In certain populations, conditioning programs may need to be modified to optimize performance and minimize the risk of injury.

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Youth.

Aerobic and strength training can impart benefits to young athletes and is not associated with increased injury risk if performed correctly (4). However, physiological and biomechanical capabilities and skeletal and psychological immaturity in young athletes are different from those of adults. These factors require modification of strength and conditioning programs, including periods of active rest and recovery. Strength gains in the prepubertal population will be due to increases in recruitment and synchronization of muscle activation patterns. As the athlete matures, gains in muscle mass will play a more significant role in strength increases.

Modification considerations:

* Periodization program includes 2 to 3 months away each year from sport-specific training and competition.

* Most strength training equipment is designed for adult-size use and may not be safe or effective for the child/adolescent.

* Heavy weight lifting, including the snatch, clean, and jerk, and 1RM lifts are not recommended for skeletally immature athletes.

* Focus should be on supervision, technique, lower intensity, and volume of training.

* Aerobic conditioning, including distance running, may be acceptable. However, modifications to address issues such as physical fitness, self-motivation, heat/cold, and hydration are necessary.

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Female athletes.

Female athletes respond similarly to their male counterparts to aerobic and resistance training. Modification may be necessary during pregnancy (1,10). Disparities in strength are related to smaller average body size and cross-sectional area of muscle fibers in females. Both male and female athletes experience improvements in strength, power, and endurance; however, female athletes may not experience as much an increase in muscle hypertrophy. Female athletes, like their male counterparts, should be encouraged to participate in a comprehensive strength and conditioning program.

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Multisport athletes.

With overlapping seasons, multisport athletes have unique conditioning challenges. Multisport athletes need to maintain their general athletic fitness base and focus their sport-specific conditioning toward their current sport. A period of active rest and recovery between seasons is of particular importance to multisport athletes (4). Conditioning injuries and overtraining may occur when an athlete tries to prepare simultaneously for two different sports.

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Athletes with physical and intellectual challenges.

Athletes with physical and/or intellectual challenges often benefit from sports participation and physical activity. Sporting opportunities and participation have expanded significantly for these athletes. Conditioning for sports participation may involve modification of training program (exercise selection, frequency, intensity, duration, volume, and tempo) and use of adaptive sporting equipment, prosthetics, and other devices to enable participation, mitigate risk of injury, and optimize performance.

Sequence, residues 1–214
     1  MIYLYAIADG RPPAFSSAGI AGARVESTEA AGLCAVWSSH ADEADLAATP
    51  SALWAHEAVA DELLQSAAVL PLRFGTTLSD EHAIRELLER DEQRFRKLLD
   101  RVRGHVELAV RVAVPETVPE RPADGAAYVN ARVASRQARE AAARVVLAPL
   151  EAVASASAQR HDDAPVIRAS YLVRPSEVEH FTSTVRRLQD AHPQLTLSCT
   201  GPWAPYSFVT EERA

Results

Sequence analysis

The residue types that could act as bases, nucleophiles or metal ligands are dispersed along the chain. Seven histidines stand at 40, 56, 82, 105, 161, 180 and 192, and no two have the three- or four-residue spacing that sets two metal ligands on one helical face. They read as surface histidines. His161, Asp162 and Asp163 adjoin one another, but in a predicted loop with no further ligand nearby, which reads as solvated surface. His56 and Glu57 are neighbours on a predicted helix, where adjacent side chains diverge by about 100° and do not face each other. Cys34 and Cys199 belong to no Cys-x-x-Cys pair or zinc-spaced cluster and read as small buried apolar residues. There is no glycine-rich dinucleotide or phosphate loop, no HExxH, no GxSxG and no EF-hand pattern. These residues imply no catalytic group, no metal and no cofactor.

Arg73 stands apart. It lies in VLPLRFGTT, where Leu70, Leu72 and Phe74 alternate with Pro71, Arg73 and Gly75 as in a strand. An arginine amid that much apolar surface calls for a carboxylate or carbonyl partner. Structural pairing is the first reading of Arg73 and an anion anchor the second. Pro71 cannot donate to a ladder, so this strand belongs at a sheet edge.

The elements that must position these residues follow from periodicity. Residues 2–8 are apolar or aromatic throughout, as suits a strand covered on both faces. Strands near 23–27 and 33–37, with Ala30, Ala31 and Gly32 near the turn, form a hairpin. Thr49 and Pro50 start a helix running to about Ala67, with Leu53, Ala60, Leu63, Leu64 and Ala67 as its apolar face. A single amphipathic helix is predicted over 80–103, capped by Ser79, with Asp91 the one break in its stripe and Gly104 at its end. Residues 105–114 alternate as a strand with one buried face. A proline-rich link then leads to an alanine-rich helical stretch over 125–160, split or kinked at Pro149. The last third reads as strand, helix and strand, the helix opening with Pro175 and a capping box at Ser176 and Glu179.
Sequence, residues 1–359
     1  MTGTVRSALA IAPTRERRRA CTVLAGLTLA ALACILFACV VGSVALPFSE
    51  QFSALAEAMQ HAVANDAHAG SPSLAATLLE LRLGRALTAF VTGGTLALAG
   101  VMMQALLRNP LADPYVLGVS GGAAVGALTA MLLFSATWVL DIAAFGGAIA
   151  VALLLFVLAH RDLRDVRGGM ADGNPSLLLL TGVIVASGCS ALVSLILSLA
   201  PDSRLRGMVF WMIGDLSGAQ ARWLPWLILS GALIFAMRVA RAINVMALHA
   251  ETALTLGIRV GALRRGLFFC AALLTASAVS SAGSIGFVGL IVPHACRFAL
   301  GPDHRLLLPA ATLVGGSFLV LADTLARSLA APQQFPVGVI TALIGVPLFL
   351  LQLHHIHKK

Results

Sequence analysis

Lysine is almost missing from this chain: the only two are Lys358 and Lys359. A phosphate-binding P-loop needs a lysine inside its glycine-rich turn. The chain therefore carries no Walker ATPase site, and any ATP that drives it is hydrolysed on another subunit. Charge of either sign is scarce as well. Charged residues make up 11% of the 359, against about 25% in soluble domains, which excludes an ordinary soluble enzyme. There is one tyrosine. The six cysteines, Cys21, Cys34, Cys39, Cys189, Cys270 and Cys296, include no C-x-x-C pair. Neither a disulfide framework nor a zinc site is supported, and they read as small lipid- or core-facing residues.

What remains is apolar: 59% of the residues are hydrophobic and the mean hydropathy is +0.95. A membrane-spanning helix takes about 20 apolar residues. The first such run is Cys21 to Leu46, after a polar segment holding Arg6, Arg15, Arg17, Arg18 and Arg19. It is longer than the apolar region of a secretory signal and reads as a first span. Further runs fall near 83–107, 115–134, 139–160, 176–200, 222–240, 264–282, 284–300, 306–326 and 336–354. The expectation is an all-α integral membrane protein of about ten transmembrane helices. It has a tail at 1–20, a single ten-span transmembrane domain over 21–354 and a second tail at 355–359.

Modification considerations:

* There are a wide range of physical and intellectual disabilities that affect participation in a strength and conditioning program.

* Medical and musculoskeletal issues including temperature regulation, skin breakdown, cardiovascular function, joint instability, and spasticity may need to be addressed in the design of the strength and conditioning program.

* With use of specific exercise programs and adaptive equipment, most of these athletes can participate in strength and conditioning programs.

* Special equipment and medications may be needed at the training venue in case of medical urgency/emergency.

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SPORT-SPECIFIC STRENGTH AND CONDITIONING

Sport-specific training is the application of strength and conditioning principles to prepare the athlete for the specific demands of their sport. Training should address intrinsic and extrinsic factors (5), which are specific to the individual and the sport.

Intrinsic factors include the athlete’s strength, flexibility, aerobic/anaerobic capacity, previous injury, genetics, and psychological health making up the athlete’s physical and psychological base. Extrinsic factors include the inherent demands of the sport, such as physiological and biomechanical forces and motions, environment stresses, and equipment.

The athlete’s physical and psychological base interacts with the inherent demands of the sport (hitting/throwing the ball and foot hitting the ground in running) and affect performance and/or injury risk. By addressing the physical and psychological base and the inherent demands of the sport, a sport-specific strength and conditioning program improves sport-specific capability, leading to improved performance (e.g., ball velocity and running speed) and decreased injury risk factors (e.g., lack of acclimatization, site-specific inflexibility, and strength deficits) (Fig. 1).

Components of a sport-specific strength and conditioning program include the following:

* An evaluation to determine a fitness profile for the purpose of entering a strength and conditioning program. This includes both a general and a sport-specific evaluation of the current physical and psychological base and extrinsic risk factors for injury (5).

* A periodized program to address the inherent demands of the athlete’s sport.

* An evaluation process to determine efficacy of the conditioning program.